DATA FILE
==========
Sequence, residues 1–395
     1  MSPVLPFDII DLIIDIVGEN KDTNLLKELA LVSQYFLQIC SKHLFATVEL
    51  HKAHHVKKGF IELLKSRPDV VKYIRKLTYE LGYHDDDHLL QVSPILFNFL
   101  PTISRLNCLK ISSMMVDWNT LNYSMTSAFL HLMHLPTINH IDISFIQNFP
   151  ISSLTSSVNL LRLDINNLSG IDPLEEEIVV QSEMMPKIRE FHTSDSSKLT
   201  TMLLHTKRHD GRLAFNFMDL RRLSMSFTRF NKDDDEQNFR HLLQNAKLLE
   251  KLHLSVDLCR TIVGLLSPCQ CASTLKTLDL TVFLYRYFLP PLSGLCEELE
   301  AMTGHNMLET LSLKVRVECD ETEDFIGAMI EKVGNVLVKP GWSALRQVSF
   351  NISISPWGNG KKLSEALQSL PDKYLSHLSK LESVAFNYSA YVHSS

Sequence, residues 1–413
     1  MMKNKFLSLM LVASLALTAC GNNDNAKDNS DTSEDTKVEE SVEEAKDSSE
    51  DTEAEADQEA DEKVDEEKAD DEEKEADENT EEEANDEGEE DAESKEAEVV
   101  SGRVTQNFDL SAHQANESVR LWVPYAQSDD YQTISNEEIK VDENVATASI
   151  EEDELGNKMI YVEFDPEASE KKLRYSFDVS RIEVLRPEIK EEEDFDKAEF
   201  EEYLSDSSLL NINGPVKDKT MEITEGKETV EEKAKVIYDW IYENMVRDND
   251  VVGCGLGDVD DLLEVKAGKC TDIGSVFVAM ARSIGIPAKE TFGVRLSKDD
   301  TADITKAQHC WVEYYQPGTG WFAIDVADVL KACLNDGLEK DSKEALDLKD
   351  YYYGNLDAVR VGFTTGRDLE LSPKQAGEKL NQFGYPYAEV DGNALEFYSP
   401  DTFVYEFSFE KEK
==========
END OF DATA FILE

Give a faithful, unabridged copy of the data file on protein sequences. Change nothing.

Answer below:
Sequence, residues 1–395
     1  MSPVLPFDII DLIIDIVGEN KDTNLLKELA LVSQYFLQIC SKHLFATVEL
    51  HKAHHVKKGF IELLKSRPDV VKYIRKLTYE LGYHDDDHLL QVSPILFNFL
   101  PTISRLNCLK ISSMMVDWNT LNYSMTSAFL HLMHLPTINH IDISFIQNFP
   151  ISSLTSSVNL LRLDINNLSG IDPLEEEIVV QSEMMPKIRE FHTSDSSKLT
   201  TMLLHTKRHD GRLAFNFMDL RRLSMSFTRF NKDDDEQNFR HLLQNAKLLE
   251  KLHLSVDLCR TIVGLLSPCQ CASTLKTLDL TVFLYRYFLP PLSGLCEELE
   301  AMTGHNMLET LSLKVRVECD ETEDFIGAMI EKVGNVLVKP GWSALRQVSF
   351  NISISPWGNG KKLSEALQSL PDKYLSHLSK LESVAFNYSA YVHSS

Sequence, residues 1–413
     1  MMKNKFLSLM LVASLALTAC GNNDNAKDNS DTSEDTKVEE SVEEAKDSSE
    51  DTEAEADQEA DEKVDEEKAD DEEKEADENT EEEANDEGEE DAESKEAEVV
   101  SGRVTQNFDL SAHQANESVR LWVPYAQSDD YQTISNEEIK VDENVATASI
   151  EEDELGNKMI YVEFDPEASE KKLRYSFDVS RIEVLRPEIK EEEDFDKAEF
   201  EEYLSDSSLL NINGPVKDKT MEITEGKETV EEKAKVIYDW IYENMVRDND
   251  VVGCGLGDVD DLLEVKAGKC TDIGSVFVAM ARSIGIPAKE TFGVRLSKDD
   301  TADITKAQHC WVEYYQPGTG WFAIDVADVL KACLNDGLEK DSKEALDLKD
   351  YYYGNLDAVR VGFTTGRDLE LSPKQAGEKL NQFGYPYAEV DGNALEFYSP
   401  DTFVYEFSFE KEK